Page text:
In the vein of "Platform Studies" or "Code Studies", we might consider a "Game Development Studies" ("Console Studies?") -- a field of research investigating the technical and material aspects of video games, from early prototypes to production code to distribution. How have various processes of game development changed over time? How does that influence what games are, or how they are perceived?
Here are six books that, I think, do much of that work:
10PRINT (Nick Montfort, Patsy Baudoin, et al) focuses on the generative capabilities of the Commodore 64, while Racing the Beam (Ian Bogost, Nick Montfort) focuses on the technological context of the Atari 2600. These are great and important texts that have established a lot of the methodology in this field, but they are also about really early consoles, and it's really difficult for younger people (e.g. me) to appreciate the throughline from that era to today.
So maybe what we need is a little more timeliness. I AM ERROR (Nathan Altice) uses the same types of analysis to investigate the classic NES console, but also has the benefit of supplementing it with cultural analysis about translating between Japanese and US contexts. This is also where Dreamcast Worlds (Zoya Street) is at its most powerful, exploring the complex interplay between Sega Japan, Sega of America, and Sega Europe, and how these different cultures influenced development resources and engineering decisions.
But those stories are about corporate intrigue in what we might call the triple-A game industry, which doesn't really feel contemporary with the current (but waning?) "Indie Moment" in games right now. So it's also important to talk about early proto-indie developers who clustered around ZZT (Anna Anthropy), a very moddable game engine by a then-nascent Epic Games -- or the avant-garde commercial indie sensibilities and material contexts that led to Jagged Alliance 2 (Darius Kazemi) and its commentary on US-Canada geopolitics.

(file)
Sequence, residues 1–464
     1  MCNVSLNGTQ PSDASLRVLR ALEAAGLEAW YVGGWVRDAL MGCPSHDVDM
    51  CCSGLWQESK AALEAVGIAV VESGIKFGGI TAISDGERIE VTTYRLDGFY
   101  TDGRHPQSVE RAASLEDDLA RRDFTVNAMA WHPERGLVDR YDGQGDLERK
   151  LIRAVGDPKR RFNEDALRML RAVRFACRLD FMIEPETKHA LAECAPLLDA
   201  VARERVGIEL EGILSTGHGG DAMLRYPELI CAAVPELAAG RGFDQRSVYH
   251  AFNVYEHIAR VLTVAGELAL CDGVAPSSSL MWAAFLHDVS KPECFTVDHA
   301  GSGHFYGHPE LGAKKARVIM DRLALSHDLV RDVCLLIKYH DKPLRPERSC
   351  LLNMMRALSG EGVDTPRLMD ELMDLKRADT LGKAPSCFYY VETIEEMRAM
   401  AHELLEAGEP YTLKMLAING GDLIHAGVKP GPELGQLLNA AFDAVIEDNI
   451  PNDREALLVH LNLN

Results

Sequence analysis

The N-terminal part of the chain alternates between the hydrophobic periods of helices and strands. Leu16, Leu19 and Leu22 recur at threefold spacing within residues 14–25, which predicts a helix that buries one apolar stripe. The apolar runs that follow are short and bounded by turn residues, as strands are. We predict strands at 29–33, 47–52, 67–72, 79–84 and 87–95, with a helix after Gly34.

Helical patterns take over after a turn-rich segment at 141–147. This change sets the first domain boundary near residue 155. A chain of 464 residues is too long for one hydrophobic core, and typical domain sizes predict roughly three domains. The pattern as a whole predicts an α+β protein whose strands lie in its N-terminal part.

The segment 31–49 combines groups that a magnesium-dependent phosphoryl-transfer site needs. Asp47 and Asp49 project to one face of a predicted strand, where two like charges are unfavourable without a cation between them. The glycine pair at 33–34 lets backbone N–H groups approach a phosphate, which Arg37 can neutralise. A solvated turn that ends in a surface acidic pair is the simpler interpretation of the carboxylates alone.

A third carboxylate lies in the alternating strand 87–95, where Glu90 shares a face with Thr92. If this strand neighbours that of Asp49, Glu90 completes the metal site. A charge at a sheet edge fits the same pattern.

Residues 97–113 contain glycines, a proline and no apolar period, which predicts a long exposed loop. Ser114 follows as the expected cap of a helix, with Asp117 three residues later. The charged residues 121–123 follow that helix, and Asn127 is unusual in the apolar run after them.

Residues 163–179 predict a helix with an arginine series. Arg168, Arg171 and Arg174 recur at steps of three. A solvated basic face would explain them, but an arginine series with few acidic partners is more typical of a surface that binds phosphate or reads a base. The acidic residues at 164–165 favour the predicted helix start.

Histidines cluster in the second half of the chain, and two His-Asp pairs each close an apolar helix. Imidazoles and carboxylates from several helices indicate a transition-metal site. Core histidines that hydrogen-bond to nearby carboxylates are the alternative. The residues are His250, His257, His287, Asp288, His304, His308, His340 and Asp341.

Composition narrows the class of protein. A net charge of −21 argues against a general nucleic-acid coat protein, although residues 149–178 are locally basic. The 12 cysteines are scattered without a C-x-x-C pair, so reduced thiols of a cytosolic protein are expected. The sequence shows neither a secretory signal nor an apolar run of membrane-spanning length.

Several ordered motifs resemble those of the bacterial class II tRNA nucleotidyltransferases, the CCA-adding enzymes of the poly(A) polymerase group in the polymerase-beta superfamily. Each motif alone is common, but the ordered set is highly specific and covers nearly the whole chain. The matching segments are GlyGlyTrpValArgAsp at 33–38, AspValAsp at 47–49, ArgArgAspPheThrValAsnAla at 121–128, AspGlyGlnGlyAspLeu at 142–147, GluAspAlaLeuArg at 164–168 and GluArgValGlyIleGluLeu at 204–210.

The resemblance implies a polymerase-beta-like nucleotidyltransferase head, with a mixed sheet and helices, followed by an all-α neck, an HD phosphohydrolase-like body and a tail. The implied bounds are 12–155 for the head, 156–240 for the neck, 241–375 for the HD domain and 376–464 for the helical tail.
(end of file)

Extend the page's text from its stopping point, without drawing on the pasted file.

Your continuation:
I distinguish this type of research from work like the classic Masters of Doom (David Kushner), which is less interested in the technical-material and more in the "great men" of Carmack and Romero, or Myst and Riven (Mark J. P. Wolf) which, to me, reads like a meticulous wiki and isn't really critical of what those games are, or how they were made and what that means.
By being critical, I don't mean taking a hate-play shit on a game. It's OK to love something, that love is usually what enables a writer to commit so deeply to thinking about something.
However, this love also needs rigor, it needs to be a tough love that you challenge and deconstruct. 10PRINT argues that Commodore 64 had a lot of engineered limitations, Dreamcast Worlds argues that Sega corporate culture was dysfunctional, and Jagged Alliance 2 is about why we can't make games like that ever again.
Many of these kinds of books are about the "losers" of today -- Atari and Sega are now essentially zombies that exist to accrue royalties, Jagged Alliance 2's double-A publisher-developer Sir-tech collapsed against its better-funded competitors, id Software has hemorrhaged Carmack amidst the debatable failure of Rage and other idTech4 games, and Cyan Worlds has struggled ever since Riven. In a way, maybe we can only construct history when that given history is over.
And if it feels kind of sad, maybe it's because that's what game development (and/or history) is.